With so many clinical trials underway to find an effective vaccine for COVID-19, the competition is rising. More and more organisations will be looking to recruit healthy volunteers, while ensuring inclusion and diversity in clinical trials, to complete their mission of finding a vaccine and making it available to the public as quickly as possible.
It’s understandable that many will turn to digital outreach as a solution to engage with so many people in a short space of time. What better way than reaching out to billions on Facebook, where so many people will see your ad for the clinical trial? Simple, right?
With 2 billion daily users, Facebook is one of the most powerful ways to reach patients. Plus, its wide reach, variety of ad types, and targeting options make it a promising tool for advertising clinical trials. However, a recent announcement from Facebook could hinder these benefits.
Facebook is limiting its targeting options
In August 2020, Facebook announced that they’ve been reviewing and refining their targeting options, to make it easier for advertisers to find and use targeting that will deliver the most value for businesses and people. And to streamline the options they provide, they’re removing options that are not widely used by advertisers.
As a result, they’ve taken the decision to withdraw the specific 'multicultural affinity’ targeting option, which used to be available in the US. This targeting option previously allowed marketers to reach users based on a ‘multicultural affinity’ for certain racial and ethnic groups, including African Americans and Hispanics.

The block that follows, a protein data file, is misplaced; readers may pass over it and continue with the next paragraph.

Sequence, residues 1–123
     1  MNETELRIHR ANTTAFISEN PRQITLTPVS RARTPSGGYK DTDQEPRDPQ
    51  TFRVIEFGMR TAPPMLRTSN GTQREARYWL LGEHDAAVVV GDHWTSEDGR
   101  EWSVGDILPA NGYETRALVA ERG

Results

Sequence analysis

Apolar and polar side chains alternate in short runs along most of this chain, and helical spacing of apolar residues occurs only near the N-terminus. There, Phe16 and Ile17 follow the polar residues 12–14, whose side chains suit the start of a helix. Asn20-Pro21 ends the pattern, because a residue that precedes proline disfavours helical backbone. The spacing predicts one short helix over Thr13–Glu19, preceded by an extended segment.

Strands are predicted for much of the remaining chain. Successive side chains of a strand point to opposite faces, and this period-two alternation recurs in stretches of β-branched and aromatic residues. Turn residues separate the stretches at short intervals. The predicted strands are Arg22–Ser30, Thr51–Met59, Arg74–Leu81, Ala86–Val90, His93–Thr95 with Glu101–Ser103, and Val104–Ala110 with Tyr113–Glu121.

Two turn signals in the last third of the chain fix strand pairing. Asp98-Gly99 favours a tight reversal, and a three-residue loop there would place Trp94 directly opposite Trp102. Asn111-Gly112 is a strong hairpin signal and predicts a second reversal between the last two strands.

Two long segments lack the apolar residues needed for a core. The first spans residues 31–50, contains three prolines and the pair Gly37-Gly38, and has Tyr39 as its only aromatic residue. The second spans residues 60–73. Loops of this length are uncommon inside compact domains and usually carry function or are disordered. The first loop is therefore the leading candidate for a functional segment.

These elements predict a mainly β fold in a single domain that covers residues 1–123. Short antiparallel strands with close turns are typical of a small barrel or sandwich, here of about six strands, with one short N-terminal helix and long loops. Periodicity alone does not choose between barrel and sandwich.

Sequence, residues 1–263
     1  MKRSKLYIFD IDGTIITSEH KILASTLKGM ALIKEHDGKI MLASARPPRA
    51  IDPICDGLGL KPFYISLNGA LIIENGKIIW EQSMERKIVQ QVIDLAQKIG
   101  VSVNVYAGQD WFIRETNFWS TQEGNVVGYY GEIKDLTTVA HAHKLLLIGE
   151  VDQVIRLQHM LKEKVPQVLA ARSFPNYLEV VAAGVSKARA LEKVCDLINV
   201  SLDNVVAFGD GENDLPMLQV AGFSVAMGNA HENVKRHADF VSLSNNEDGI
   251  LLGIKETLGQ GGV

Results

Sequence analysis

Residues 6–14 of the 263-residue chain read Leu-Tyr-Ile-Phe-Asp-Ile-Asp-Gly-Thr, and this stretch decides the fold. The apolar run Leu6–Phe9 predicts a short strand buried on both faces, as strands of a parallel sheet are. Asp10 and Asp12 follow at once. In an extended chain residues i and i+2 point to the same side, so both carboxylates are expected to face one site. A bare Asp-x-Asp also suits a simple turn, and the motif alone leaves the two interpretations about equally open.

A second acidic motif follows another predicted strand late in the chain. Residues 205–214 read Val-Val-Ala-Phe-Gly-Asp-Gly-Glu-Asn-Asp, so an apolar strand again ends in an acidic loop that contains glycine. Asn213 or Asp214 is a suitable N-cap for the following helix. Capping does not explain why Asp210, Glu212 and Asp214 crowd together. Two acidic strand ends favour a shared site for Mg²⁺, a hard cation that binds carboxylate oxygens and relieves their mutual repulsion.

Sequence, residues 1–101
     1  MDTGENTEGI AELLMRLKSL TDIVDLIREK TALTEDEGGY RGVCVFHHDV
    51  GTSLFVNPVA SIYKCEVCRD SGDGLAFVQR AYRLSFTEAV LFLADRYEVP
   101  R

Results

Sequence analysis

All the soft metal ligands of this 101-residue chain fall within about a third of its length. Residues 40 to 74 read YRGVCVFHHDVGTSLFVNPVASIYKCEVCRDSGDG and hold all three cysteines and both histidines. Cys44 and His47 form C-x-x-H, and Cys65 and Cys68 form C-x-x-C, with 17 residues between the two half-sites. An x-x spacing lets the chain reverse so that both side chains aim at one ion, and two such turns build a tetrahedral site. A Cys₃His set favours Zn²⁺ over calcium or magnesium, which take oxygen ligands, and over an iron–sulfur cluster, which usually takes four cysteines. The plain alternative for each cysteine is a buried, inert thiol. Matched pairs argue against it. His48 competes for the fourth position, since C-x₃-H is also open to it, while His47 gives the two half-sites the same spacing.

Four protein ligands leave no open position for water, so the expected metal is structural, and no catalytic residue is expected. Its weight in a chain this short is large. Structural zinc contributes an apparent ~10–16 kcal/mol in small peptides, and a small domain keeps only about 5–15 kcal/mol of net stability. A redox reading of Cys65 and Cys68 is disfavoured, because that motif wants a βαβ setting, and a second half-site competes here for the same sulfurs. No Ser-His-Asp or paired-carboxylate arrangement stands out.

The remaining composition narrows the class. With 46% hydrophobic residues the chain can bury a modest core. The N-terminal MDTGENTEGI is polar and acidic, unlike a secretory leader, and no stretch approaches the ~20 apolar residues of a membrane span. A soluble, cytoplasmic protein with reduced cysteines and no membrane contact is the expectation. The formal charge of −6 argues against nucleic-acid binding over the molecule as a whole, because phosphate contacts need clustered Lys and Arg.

For example, it allowed users to be solicited based on a category related to the data collected from their Facebook activity. Instead, Facebook are now encouraging advertisers to use other targeting options such as language or culture to reach people that are interested in multicultural content. While this targeting option may have been removed due to misuse, how might this affect patient recruitment that improves diversity in clinical trials? This shows that we cannot solely rely on digital outreach to engage with patients.
The power of patient insights
The industry needs to do more than just digital outreach to reach minorities, as digital alone will never be enough. There needs to be trust and relationships in place to truly build engagement. And that’s where community outreach and gaining patient insights comes in. By getting to know people and understanding their interests and their hobbies, we can circumnavigate the Facebook targeting changes. That’s not to say that Facebook ads are no longer effective – but we cannot solely rely on this approach. Study sponsors need to embrace community outreach and ensure they are engaging patients offline too.
At COUCH Health, we’re big advocates for improving diversity and inclusion in clinical trials. Find out more about how we can support you and your trial with this, such as through community outreach, at https://www.couchhealth.co/